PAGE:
Ford Mustang Mach-E Interior Layout & Technology | Top Gear
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Saturday 3rd December
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Interior

What is it like on the inside?

It’s clear Ford was treading a narrow path here. It wanted the Mach-E to be as sleek as possible to get across maximum Mustang vibes, yet carve out enough space inside to convince as a family wagon. It just about does that. Outwardly the sloping tailgate and long bonnet ensure it’s a car you won’t mind being seen solo in, but inside you will fit five people and a load of kit.

Does it live up to its premium billing?

There’s a clear sense of design, but the materials and quality are Tesla-level rather than Audi-level. At £50,000 they’re not really good enough, and as you move further up the range you might be left feeling even more short-changed. 

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The switchgear is mostly lifted from lesser Fords and there’s quite a bit of it – it hasn’t been stripped down to the bare minimum so you still have conventional column stalks (from a Fiesta, no less) and steering wheel buttons. The same can’t be said for the interior door handles – small levers instead operate the electronic door latches. No door handles on the outside, either; these have been replaced by small circular buttons to improve aerodynamic efficiency. Teaching children to reach into the door jam to open a door might not be Ford’s smartest idea ever. 

There’s a useful screen in front of the driver for essential information (speed, nav directions, warnings etc), but if you want more than that you’re interacting with the giant, upright central screen, complete with physical knob controller, used to control volume and the like. Shame Ford couldn’t have gone for a neater look, though.

Is it simple enough to use?

It takes some getting used to – there’s a heck of a lot of menus to scroll your way through – and the whole touch, pinch and swipe, while cool, isn’t easy on the move. Just as well it accepts over-the-air updates for future improvements. 

There’s a row of frequently used apps (nav, media, phone, settings etc) across the bottom, and pressing one of them makes it fill the top half of the screen. This means Apple CarPlay or Android Auto don’t take over the whole screen, so you could have Waze and the in-car nav working simultaneously. The nav, like most other electric cars, will direct you to charging stations if needed en route (though unlike Tesla it can’t tell you if they’re working or unoccupied) but the mapping is fairly simple.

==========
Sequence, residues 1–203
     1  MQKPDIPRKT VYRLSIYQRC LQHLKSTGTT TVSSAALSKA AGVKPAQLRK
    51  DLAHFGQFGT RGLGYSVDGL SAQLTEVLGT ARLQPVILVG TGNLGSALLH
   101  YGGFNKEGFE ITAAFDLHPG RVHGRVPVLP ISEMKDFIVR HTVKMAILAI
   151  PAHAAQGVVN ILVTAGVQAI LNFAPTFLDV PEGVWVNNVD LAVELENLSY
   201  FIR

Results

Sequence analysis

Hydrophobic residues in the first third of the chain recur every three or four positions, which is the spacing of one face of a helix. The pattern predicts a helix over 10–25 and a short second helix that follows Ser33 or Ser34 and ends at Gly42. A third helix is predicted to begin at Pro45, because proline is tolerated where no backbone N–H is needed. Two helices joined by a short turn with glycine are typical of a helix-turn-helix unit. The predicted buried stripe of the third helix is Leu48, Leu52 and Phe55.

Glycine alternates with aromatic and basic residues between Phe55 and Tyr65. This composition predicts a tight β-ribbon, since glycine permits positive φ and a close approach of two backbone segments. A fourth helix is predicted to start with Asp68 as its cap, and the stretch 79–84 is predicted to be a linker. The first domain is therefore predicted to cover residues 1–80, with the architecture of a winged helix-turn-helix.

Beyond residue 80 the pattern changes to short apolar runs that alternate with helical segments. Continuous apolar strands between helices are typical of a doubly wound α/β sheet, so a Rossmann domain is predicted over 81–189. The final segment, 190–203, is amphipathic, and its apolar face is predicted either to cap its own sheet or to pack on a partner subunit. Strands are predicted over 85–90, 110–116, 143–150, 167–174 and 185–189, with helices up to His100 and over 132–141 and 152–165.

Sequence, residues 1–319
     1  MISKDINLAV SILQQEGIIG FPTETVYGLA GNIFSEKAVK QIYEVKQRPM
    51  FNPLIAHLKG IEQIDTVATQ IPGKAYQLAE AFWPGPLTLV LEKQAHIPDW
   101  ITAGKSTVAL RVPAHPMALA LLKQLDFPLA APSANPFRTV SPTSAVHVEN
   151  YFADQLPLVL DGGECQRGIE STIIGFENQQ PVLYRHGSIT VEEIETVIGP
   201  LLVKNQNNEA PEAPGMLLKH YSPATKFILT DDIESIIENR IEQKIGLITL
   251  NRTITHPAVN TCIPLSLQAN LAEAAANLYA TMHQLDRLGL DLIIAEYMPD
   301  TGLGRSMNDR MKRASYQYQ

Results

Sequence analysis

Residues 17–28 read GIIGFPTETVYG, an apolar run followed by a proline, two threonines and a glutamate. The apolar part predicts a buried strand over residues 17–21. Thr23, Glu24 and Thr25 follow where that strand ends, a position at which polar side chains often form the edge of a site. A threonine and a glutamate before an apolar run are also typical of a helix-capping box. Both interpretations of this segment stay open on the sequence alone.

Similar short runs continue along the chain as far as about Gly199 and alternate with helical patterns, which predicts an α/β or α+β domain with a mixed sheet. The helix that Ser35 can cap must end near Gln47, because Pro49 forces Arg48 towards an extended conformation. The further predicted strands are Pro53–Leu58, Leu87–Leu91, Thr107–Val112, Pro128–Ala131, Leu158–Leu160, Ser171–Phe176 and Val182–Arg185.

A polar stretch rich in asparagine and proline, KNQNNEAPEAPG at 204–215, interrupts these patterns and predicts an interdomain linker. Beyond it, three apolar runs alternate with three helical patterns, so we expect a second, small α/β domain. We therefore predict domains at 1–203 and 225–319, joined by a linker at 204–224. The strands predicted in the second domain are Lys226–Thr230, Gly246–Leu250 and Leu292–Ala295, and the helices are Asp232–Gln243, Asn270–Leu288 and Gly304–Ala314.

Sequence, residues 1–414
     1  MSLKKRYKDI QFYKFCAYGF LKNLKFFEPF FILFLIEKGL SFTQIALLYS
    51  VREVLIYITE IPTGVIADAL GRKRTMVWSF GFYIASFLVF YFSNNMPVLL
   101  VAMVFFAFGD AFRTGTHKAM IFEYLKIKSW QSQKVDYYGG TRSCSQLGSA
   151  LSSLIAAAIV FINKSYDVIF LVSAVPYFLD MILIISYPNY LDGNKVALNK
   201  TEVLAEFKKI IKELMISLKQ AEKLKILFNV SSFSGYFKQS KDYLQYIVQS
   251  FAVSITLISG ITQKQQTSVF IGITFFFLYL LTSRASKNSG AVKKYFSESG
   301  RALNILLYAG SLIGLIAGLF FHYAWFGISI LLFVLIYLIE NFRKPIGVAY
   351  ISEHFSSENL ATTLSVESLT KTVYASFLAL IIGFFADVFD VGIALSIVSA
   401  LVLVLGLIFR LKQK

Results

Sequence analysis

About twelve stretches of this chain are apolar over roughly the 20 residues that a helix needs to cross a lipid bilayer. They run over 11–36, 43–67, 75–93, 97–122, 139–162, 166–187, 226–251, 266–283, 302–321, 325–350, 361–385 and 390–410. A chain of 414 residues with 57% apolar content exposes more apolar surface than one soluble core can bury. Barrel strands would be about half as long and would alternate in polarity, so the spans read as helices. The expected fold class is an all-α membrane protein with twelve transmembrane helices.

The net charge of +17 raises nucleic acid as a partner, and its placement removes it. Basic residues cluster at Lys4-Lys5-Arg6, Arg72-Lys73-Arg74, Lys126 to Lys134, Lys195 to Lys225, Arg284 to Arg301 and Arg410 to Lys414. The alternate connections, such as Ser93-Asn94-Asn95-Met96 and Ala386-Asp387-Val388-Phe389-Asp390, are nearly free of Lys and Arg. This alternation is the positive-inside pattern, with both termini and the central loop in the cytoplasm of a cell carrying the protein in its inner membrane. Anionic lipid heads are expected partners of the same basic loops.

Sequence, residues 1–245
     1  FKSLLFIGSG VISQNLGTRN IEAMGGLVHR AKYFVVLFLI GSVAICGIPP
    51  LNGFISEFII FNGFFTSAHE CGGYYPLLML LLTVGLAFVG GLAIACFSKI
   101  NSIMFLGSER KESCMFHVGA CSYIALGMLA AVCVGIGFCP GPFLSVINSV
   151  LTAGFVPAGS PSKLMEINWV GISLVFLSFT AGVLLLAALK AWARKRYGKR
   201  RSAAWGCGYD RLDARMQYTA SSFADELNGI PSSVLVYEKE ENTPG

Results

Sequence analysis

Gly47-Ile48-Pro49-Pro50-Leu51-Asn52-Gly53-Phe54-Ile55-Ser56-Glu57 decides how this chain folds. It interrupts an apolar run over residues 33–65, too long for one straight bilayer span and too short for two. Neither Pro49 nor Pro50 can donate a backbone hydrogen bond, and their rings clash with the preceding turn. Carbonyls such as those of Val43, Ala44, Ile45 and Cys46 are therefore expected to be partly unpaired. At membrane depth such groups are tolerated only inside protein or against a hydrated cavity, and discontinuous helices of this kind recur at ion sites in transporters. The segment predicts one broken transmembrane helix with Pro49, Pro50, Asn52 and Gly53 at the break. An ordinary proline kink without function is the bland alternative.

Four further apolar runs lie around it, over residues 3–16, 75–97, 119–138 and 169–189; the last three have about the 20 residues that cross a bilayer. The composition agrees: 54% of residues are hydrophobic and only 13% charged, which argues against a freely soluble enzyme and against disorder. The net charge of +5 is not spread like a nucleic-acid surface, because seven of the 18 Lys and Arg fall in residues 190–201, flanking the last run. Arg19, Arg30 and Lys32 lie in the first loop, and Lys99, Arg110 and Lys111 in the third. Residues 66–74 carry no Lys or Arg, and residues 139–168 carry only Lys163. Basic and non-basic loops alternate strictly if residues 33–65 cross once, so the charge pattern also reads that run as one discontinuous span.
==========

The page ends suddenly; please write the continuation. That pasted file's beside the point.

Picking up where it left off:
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The FordPass phone app links to the car to give you some elements of remote control and the ability to use your phone as the key, but the one thing worth getting excited about is the B&O sound system which has a row of speakers behind the mesh on the dash. It looks the part and it sounds good, too.

How much room is there?

The 402-litre boot may not sound that generous, but floor space is good and if you pack around the cables there’s a bit more space underneath. Seats folded, that expands to 1,420 litres. And there’s another 100 litres or more in the ‘frunk’. Quite frankly given the length of the bonnet, you’d have thought Ford would have been able to make more of that space. There’s a lot of plastic under there.

The dipping roofline means you need to watch your head on the rear doors, and being sat high means taller folk may strain their necks. Still, the floor’s flat, so the central passenger doesn’t have much to complain about and legroom is fine. But it’s hardly an exciting environment. The leather throughout is plasticky and there’s little to keep occupants, er, occupied. No attractive design or neat features.

On a more practical note, the storage is really well thought out and extensive – two level central trays (featuring wireless phone charging, which work well), a deep bin, cupholders and all the rest.

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